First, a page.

Plaque (Bacteria in the mouth) is the major etiology for gum diseases and dental caries or tooth decay; therefore, daily plaque removal is critical to long-term success of all dental treatment. Carefully performed daily home plaque control, combined with frequent professionally delivered plaque removal, has been demonstrated to reduce plaque; thus decreasing the total number of harmful oral microorganisms. The daily use of a toothbrush and other oral hygiene aids is the most dependable way of achieving good oral health. Plaque control efforts must focus on improved brushing and cleaning the oral cavity that require mastering.

As bacterial growth takes place within hours of brushing all individuals should completely remove plaque from the teeth at least once every 24 hours.

Chemical inhibitors of plaque and calculus that are incorporated in mouthwashes or toothpastes also play important roles in plaque control. Fluorides are essential for control of tooth decay or dental caries. Many products are available as common adjunctive agents to mechanical techniques. These medicaments, as with any drug, should he recommended and prescribed according to the needs of individual patients.

Generally, toothbrushes vary in size and design as well as length, hardness, and arrangement of the bristles. When recommending a particular toothbrush, ease of use by the patient as well as the perception that the brush works well are important considerations.

Use of hard toothbrushes, vigorous horizontal brushing, and use of extremely abrasive dentifrices may lead to cervical abrasions of teeth and recession of gingiva.

Some novel toothbrush designs intended to make difficult-to-reach areas more accessible have been marketed. The cleaning efficiency of the toothbrush has been more attributed to individual brushing skill rather than toothbrush design. Thus practice and training is very essential to maintain a good oral hygiene.


  1. Soft, nylon bristle toothbrushes clean effectively when used properly), remain effective for a reasonable time, and tend not to traumatize the gingiva or root surfaces.
  2. Toothbrushes need to be replaced about every 3 months.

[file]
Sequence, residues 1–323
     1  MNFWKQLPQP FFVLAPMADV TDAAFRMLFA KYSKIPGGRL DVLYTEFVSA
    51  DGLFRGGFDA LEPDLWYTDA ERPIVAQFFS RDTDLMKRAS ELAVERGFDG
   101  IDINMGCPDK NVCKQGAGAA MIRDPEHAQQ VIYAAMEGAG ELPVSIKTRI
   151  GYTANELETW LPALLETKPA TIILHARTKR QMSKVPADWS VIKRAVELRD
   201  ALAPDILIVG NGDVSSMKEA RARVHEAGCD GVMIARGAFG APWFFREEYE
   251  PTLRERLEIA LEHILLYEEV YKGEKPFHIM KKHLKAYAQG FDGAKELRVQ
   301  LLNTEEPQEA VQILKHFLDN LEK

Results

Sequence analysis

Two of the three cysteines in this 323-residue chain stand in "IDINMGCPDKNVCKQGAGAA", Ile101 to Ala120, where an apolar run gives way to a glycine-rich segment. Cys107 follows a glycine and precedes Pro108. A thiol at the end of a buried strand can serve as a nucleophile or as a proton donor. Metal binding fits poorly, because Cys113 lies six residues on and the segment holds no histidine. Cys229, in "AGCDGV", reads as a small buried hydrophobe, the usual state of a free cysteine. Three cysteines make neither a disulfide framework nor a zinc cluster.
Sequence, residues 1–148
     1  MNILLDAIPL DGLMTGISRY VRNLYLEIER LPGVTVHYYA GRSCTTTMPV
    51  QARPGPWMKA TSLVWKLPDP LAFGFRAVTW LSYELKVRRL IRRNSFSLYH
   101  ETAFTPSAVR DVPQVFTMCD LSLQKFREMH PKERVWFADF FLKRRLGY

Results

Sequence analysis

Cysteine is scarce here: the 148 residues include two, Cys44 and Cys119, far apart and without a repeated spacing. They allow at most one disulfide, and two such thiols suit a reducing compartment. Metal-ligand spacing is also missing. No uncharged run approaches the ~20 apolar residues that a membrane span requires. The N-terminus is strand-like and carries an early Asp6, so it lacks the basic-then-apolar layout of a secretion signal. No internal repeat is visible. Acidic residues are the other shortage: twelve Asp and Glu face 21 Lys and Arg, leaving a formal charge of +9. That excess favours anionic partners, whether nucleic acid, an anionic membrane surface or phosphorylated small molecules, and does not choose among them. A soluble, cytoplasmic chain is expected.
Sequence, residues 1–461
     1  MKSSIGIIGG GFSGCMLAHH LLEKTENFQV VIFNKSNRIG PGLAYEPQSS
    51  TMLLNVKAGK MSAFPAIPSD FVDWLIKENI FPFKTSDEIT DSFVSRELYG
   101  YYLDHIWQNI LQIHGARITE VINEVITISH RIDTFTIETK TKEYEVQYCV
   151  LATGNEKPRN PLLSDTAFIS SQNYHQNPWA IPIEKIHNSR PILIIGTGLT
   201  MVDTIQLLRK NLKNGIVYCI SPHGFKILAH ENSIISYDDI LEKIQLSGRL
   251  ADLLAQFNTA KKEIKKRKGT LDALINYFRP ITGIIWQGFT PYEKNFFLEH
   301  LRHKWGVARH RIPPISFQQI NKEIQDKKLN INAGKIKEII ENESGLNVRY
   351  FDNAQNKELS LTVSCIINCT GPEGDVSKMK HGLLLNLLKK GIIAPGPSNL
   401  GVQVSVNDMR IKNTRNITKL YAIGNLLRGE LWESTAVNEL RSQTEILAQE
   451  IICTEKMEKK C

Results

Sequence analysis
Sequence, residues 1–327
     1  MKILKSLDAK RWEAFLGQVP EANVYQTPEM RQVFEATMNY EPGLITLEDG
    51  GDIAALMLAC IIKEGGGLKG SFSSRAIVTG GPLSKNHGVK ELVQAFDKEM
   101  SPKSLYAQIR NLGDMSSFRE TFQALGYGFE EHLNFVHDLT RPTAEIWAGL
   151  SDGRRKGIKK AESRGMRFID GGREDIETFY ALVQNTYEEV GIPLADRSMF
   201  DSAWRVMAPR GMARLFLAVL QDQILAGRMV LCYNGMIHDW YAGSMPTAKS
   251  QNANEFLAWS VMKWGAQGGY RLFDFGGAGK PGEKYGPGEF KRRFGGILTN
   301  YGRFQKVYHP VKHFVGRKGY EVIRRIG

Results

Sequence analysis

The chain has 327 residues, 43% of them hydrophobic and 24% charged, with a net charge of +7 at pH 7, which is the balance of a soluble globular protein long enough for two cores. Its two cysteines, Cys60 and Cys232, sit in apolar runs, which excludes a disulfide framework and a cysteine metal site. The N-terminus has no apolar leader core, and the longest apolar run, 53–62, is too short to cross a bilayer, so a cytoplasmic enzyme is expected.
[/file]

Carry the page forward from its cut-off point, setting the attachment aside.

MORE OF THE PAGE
3. If you perceive a benefit from a particular brush design, then you should use it.

Typically, comparison studies of powered toothbrushes, manual toothbrushes, or other powered devices demonstrate slightly improved plaque removal in a short-term clinical trial. However, a distinct overall advantage for any one particular product has not been demonstrated.


  • Powered toothbrushes remove plaque as well as, if not slightly better than, manual toothbrushes. Patients who want to use powered toothbrushes should he encouraged to do so.
  • Patients need to be instructed in the proper use of powered devices.
  • Patients who are poor brushers, children, and caregivers may particularly benefit from using powered toothbrushes.

Toothpastes are made up of abrasives (e.g., silicon oxides, aluminium oxides, granular polyvinyl chlorides), water, humectants, soap or detergent, flavoring and sweetening agents, therapeutic agents (e.g., fluorides, pyrophosphates), coloring agents, and preservatives.


  1. Dentifrices increase the effectiveness of brushing but should cause a minimum of abrasion to tooth surfaces.
  2. Products containing fluorides and antimicrobial agents provide additional benefits for controlling caries and gingivitis.
  3. Patients who form significant amounts of tartar/ calculus benefit from the use of a tartar control toothpastes.

Many methods for brushing the teeth have been described and promoted as being efficient and effective. The scrub technique is probably the simplest and most common method of brushing. The method most often recommended is the Bass technique.

  1. Place the head of a soft brush parallel with the occlusal plane, with the brush head covering three to four teeth, beginning at the most distal tooth in the arch.
  2. Place the bristles at the gum margin, pointing at a 45-degree angle to the long axis of the teeth.
  3. Exert gentle vibratory pressure, using short, back and forth motions without dislodging the tips of the bristles. This motion forces the bristle ends into the gingival sulcus area as well as partly into the interproximal embrasures. The pressure should be firm enough to blanch the gingiva.
  4. Complete several strokes in the same position. The repetitive motion cleans the tooth surfaces, concentrating on the apical third of the clinical crowns, the gingival sulci, and as far onto the proximal surfaces as the bristles can reach.
  5. Lift the brush, move it to the adjacent teeth, and repeat the process for the next three or four teeth.
  6. Continue around the arch, brushing about three teeth at a time. Then, use the same method to brush the lingual surfaces.
  7. After completing the upper arch, move the brush to the lower arch, and brush in the same organized way to reach all the teeth.
  8. If the brush is too large to reach the lingual surfaces of the anterior teeth, it should be turned vertically to press the end of the brush into the gingival sulcus area.
  9. Brush the occlusal surfaces of three or four teeth at a time by pressing the bristles firmly into the pits and fissures and brushing with several short, back and forth strokes